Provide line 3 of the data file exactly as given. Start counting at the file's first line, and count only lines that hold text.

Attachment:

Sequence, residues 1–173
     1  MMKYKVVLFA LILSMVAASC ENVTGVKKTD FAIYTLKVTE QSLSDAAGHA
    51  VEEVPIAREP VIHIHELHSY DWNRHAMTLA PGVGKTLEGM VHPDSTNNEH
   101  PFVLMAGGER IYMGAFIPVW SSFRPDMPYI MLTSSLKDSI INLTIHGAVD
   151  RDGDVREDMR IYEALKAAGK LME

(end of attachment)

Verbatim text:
    51  VEEVPIAREP VIHIHELHSY DWNRHAMTLA PGVGKTLEGM VHPDSTNNEH